Country pioneer Charley Pride has died today aged 86 from complications related to Covid-19.
The gifted entertainer, who was famous for tracks including Kiss An Angel Good Mornin’, Is Anybody Goin’ to San Antone, and Mountain of Love, died on Saturday, with the news being confirmed on his official website.
Pride, who became the first Black member of the Country Music Hall of Fame in 2000, was born to a Mississippi sharecropper on March 18, 1934.
Pride initially thought baseball would provide his path out of poverty, before discovering his talents in music.
Some of the many highlights from his career include winning the Country Music Association’s Entertainer of the Year award in 1971, its top male vocalist prize in 1971 and 1972, and a Lifetime Achievement Award in 2020.
Pride’s final performance came just a month before his death on November 11, 2020, when he sang Kiss An Angel Good Mornin’ during the CMA Awards show at Nashville’s Music City Center with Jimmie Allen.
The country music community shared their sorrow at Pride’s death, with Dolly Parton tweeting: ‘I’m so heartbroken that one of my dearest and oldest friends, Charley Pride, has passed away.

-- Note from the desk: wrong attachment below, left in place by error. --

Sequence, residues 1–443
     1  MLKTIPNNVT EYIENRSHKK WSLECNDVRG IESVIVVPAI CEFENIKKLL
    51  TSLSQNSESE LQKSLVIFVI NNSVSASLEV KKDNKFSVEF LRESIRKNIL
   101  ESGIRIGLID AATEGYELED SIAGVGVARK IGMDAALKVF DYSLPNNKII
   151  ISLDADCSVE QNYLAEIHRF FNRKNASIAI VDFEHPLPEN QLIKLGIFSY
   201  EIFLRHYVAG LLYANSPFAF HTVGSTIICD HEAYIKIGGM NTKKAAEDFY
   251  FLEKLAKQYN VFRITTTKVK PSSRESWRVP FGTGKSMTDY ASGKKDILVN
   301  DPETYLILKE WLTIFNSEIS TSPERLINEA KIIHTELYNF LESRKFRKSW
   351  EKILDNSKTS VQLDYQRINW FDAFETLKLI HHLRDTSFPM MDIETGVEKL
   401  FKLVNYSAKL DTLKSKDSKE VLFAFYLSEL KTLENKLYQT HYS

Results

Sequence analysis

‘It’s even worse to know that he passed away from Covid-19. What a horrible, horrible virus. Charley, we will always love you.
‘Rest In Peace. My love and thoughts go out to his family and all of his fans.’
Kelleigh Bannen wrote: ‘I never met Charley Pride, but admired him from afar. His acceptance speech for the Lifetime Achievement #CMA award was such a stunning display of humility and humanity from a man who was truly a giant. RIP Mr Pride.’
As a young music hopeful, Pride had gone to Nashville in hopes of starting a music career following a stint in the army and an unsuccessful attempt to play professional baseball.
He made several demos with help from manager Jack Johnson in 1963, but it wasn’t until 1965 when he joined up with producer Jack Clement that Pride’s career began to take off.
Between 1967 and 1987 Pride delivered 52 top-10 country hits, won several Grammys and became RCA Records’ top-selling country artist, battling prejudice and discrimination with his music.
He wrote in his memoir in the early 90s: ‘We’re not color blind yet, but we’ve advanced a few paces along the path and I like to think I’ve contributed something to that process.’
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